Welcome to the first entry in a regular blog on the A&E series Duck Dynasty. This show about a bearded redneck family and their multi-million dollar duck call business has become the unlikely king of cable ratings and has even beat broadcast giants like American Idol.
The show is filmed in West Monroe, Louisiana, and its combination of backwoods humor and sprinklings of Christian family values have made it must-see TV in the Red States.
I walked into my local Wal-Mart today in Lafayette, Louisiana to see a display set up featuring the four main family members, brothers Willie and Jase, crazy Uncle Si, and the family patriarch Phil, staring at me larger than life on pillows, throws, and t-shirts. Being around here, where people wear duck calls as fashion statements and get deer antler tattoos, gives me a front-row seat to see the Duck Dynasty phenomenon play out.
As the fourth season unfolds, I’ll explore some of the themes of the show, talk about its relationship to Southern culture, and about the religious aspects of the program, which are brought in subtly, but decisively, in each episode.
Season 4, Episode 1 “Til Duck Do Us Part.”
Set-Up: The patriarch and matriarch of the Robertson family, Phil and Miss Kay, are celebrating their 48thwedding anniversary. The
boys—Willie, Jase, and their younger brother Jep—are hooked by their wives into throwing them a “surprise” wedding in order to renew their vows. Uncle Si “the master distractor” is brought in to take Phil and Kay out on a “trip down memory lane” while the wedding preparations are put in place. Older brother Alan, a minister who has not been a part of the show, is brought in to officiate.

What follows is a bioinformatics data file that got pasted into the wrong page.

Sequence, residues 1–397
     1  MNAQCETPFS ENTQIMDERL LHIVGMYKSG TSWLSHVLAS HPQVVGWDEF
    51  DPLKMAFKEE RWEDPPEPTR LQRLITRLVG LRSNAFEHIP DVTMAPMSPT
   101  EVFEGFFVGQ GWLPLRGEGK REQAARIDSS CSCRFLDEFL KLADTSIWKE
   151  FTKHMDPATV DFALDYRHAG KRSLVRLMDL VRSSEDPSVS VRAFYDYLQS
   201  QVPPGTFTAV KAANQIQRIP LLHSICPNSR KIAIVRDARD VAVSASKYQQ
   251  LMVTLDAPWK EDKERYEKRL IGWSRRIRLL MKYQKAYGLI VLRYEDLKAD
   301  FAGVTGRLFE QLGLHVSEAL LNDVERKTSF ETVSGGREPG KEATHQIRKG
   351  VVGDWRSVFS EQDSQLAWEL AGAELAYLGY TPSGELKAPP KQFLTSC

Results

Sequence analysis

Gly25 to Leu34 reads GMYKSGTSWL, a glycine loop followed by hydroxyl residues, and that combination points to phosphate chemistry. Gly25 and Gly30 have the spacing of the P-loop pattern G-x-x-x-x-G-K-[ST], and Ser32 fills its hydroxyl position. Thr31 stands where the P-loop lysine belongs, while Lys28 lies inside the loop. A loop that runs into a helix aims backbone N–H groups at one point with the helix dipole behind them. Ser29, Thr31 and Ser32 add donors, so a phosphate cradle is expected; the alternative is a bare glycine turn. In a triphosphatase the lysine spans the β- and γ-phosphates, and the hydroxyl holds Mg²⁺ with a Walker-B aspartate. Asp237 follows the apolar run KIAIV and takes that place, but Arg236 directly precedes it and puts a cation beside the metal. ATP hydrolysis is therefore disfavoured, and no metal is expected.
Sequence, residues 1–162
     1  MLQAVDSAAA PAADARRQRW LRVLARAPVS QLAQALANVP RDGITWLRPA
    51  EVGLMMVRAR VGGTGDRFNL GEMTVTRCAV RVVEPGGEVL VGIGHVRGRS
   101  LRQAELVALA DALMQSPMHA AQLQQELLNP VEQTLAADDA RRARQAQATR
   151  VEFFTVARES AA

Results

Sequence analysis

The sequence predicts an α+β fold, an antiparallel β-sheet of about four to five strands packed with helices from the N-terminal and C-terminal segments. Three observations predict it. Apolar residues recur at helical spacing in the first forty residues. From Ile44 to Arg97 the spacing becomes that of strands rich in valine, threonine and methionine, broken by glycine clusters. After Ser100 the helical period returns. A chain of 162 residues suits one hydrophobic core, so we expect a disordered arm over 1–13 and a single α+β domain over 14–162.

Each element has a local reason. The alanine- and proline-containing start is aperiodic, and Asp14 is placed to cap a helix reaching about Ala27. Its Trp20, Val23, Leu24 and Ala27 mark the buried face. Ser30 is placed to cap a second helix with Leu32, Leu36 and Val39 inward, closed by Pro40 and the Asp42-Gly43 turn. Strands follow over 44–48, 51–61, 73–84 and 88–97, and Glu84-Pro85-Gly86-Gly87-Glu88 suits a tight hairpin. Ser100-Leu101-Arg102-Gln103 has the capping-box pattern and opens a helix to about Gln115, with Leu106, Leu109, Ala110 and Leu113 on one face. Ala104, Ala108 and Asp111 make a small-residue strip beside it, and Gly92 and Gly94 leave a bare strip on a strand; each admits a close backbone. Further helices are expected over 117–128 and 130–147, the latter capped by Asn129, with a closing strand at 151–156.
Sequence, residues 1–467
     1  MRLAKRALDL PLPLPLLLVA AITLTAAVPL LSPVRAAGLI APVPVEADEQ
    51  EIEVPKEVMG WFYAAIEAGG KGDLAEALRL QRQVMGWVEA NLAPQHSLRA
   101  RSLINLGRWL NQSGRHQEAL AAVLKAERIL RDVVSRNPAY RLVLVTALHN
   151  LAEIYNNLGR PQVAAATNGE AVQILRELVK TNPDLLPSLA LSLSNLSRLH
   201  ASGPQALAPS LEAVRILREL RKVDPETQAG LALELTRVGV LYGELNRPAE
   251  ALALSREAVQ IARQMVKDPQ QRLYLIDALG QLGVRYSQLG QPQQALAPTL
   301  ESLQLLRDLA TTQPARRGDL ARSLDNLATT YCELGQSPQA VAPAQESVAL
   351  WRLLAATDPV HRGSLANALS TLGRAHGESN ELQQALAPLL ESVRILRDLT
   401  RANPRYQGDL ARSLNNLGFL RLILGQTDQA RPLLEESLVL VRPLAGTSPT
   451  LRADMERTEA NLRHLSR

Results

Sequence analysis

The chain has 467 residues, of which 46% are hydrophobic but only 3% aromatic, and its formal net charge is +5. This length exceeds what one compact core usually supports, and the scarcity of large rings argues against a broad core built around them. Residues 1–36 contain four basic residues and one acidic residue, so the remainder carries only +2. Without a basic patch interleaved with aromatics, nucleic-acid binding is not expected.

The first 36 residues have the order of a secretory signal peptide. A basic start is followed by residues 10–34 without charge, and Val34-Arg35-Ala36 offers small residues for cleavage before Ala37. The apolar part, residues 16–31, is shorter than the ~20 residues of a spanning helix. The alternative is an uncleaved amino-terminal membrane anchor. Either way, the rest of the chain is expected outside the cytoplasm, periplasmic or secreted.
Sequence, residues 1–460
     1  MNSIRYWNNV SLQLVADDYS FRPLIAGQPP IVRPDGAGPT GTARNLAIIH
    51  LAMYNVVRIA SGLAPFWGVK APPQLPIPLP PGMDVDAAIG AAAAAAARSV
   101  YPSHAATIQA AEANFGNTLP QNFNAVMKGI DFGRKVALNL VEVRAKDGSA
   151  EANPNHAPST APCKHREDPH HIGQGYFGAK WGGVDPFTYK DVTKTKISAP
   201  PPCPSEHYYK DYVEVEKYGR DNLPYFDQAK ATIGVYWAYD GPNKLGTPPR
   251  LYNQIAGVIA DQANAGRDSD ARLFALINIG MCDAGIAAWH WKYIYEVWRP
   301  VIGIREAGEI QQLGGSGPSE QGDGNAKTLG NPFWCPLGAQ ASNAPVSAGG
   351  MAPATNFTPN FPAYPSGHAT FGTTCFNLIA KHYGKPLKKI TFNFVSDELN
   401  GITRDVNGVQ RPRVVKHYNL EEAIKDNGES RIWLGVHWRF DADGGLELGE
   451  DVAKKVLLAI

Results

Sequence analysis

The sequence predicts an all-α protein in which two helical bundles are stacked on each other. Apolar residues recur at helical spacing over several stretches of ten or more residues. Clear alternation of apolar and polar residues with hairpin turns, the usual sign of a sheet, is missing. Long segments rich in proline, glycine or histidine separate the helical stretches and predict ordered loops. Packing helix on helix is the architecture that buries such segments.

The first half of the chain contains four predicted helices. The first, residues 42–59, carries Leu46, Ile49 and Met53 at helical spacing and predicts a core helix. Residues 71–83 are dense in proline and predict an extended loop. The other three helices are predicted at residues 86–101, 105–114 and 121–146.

Hilarity Ensues: By far the funniest character in the show, Uncle Si takes Phil and Kay around to places where, by his memory, Phil and Kay were supposed to have gone on dates in the early days of their relationship. Of course, Si’s memory has gotten a bit foggy in his old age. Si takes them to an abandoned house where he says Phil and Kay met, and a fireworks stand where he says there used to be an ice cream shop.
As Si says, sharing his unparalleled wisdom, “You got to exercise your memory like I do. That’s why they call it ‘jogging your memory.’”
Phil rightly calls his brother, “The logic vacuum.”
Finally, Si takes the two to the woods where the couple once carved their names in a tree, and Phil and Kay are satisfied to see something that reminds them of their youth.
Major Themes: The main theme here is the battle of the sexes. As Si, Phil, and Kay are out on their adventure, the younger men are reluctantly helping their wives set up the wedding. There’s a particularly funny scene where the Robertson’s neighbor, Mountain Man, a bearded yokel who moves slowly and talks in grunts, sets up an arbor for the wedding made of tree branches and deer antlers he’s collected. As usual, the men are no match for their wives, who somehow keep them on task and get the wedding put together.
Is this for real? One of the fun things about Duck Dynasty is trying to figure out what is “real” about this “reality series.”
One thing I can attest to, the moniker “Miss” or “Miz” as in the mother “Miss Kay” is a common way to refer to women, even in professional settings, in the deep South. Likewise, “Mister” for men. In the restaurants and coffee shops where I’m a regular and they know my name (and they always know my name) they often refer to me as Mister Richard.